I also decided I would eliminate the sleeve extensions and go for curved hems, set off by the trim alone – no bows even for this professed lover of them, as I thought that would be just too much.

Before the trim is applied.

Here is what it looks like on the inside.

Another guiding principle I used for the embellishment of this jacket is the fact that I am planning a matching sheath dress for it. Obviously I want the two pieces to complement each other beyond the shared fabric, so the dress will be trimmed in a manner coordinating with the jacket. (These details will be shared in a future post when I have the dress underway. Eternally optimistic here!) Anyway, envisioning the jacket and dress worn together led me to add both the waistline trim and the trim above the bust (which is across the front only.)

First some details on the waistline trim: I set the pockets to follow this line; the trim is continuous across the top of the pockets (which pick up the curved hems of the sleeves.) I gradually dipped the back edge of the jacket by ½ inch in the center back (a couture technique I picked up from Susan Khalje) and had the waistline trim follow that contour, which I think adds a very graceful look.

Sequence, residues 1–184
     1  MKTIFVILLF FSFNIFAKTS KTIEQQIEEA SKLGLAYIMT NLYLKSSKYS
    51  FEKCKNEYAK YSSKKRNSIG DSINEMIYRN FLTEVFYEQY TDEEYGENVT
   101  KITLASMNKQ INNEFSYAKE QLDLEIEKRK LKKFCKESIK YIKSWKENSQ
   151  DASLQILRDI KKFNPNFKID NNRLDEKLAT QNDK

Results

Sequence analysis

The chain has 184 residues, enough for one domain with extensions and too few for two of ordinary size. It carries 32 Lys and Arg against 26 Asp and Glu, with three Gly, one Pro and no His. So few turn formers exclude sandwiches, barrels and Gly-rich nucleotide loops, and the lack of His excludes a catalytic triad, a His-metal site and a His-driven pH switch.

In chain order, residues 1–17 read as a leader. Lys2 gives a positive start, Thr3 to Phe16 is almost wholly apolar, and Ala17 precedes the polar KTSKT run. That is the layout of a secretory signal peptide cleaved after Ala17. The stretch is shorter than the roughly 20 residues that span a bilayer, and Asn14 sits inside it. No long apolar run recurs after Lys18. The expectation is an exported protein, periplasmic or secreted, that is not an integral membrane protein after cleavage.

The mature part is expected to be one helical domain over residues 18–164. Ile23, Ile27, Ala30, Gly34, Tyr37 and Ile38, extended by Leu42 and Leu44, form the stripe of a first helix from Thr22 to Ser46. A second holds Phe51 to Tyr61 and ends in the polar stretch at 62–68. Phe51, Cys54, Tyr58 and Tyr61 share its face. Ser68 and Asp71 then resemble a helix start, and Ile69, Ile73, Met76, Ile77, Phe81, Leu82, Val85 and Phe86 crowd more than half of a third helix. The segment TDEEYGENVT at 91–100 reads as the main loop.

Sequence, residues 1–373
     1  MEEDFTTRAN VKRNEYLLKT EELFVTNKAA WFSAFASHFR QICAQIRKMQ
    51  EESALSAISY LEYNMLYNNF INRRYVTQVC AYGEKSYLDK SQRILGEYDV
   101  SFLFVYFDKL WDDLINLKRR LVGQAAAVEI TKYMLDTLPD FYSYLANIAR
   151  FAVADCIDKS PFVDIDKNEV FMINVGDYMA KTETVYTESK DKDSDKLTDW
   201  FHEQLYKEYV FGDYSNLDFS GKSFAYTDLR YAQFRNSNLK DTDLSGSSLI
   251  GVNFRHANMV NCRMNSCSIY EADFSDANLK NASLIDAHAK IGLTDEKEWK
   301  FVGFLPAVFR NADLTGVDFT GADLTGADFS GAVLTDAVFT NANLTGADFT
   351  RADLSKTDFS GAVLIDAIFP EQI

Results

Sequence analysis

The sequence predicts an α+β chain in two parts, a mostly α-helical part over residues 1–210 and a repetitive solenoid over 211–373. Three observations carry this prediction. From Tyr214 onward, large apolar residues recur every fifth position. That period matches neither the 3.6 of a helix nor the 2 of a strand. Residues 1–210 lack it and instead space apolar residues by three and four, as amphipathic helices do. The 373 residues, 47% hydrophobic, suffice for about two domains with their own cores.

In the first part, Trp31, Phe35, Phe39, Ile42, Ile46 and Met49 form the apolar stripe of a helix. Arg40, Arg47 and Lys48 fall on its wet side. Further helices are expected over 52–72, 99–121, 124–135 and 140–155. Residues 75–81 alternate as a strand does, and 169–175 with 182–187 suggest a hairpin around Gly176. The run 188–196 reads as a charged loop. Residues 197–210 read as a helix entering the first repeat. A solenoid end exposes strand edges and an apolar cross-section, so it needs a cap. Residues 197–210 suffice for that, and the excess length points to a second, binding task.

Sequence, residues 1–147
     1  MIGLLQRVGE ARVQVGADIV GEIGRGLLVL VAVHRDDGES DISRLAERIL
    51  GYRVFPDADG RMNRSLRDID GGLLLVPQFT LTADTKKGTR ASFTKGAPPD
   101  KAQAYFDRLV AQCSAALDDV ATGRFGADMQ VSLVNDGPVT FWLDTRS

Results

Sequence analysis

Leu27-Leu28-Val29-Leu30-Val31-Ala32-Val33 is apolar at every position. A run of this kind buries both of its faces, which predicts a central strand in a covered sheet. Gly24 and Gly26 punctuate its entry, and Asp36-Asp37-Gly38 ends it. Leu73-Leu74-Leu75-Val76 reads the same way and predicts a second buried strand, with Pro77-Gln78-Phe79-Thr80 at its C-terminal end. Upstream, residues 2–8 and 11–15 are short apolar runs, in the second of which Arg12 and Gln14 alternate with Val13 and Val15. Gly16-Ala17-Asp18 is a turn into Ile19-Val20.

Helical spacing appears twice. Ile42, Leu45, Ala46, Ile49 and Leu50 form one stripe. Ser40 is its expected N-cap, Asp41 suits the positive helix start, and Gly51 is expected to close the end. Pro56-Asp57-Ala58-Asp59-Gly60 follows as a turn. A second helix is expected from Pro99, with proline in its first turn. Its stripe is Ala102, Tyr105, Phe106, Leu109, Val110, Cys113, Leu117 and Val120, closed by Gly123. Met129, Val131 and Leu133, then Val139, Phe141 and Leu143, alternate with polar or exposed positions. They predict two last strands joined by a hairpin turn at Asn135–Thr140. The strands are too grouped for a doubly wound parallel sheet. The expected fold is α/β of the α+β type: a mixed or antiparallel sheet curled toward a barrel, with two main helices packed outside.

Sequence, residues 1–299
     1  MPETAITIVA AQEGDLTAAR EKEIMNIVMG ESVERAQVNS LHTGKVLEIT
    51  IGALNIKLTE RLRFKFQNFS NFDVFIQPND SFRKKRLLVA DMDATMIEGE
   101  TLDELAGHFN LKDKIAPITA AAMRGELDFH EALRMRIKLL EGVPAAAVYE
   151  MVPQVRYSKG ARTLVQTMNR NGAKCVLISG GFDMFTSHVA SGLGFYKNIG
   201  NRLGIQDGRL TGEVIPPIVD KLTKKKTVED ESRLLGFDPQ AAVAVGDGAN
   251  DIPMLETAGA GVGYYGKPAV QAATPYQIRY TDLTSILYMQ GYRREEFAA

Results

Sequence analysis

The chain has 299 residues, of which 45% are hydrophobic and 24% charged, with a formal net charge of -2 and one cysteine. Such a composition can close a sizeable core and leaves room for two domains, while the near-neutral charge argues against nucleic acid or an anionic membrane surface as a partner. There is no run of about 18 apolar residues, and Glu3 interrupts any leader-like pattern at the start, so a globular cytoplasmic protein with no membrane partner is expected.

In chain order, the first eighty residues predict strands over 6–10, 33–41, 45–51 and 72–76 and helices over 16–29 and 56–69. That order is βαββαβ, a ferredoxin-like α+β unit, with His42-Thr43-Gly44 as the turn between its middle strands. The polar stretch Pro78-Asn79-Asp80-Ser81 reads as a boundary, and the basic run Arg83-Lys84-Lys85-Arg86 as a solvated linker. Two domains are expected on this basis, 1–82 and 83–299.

I sewed the pocket linings by machine, as that gave the curved dip a better turn. I sewed first along the stitching lines and then cut the curve.

The slightly curved back of the jacket.

Second, I decided I needed the trim across the upper bust as an anchor for the bow I had planned. Obviously I had to set this trim in place before I inserted the sleeves.

The left sleeve pinned in place, the trim already applied.

It was a difficult decision for me to forego a printed lining for this jacket, but I am so glad I did. The black charmeuse has been tiring to work on for my blurry eyes, but it just seems right in this application. And just think – now I have an entire dress to concoct using more black lining!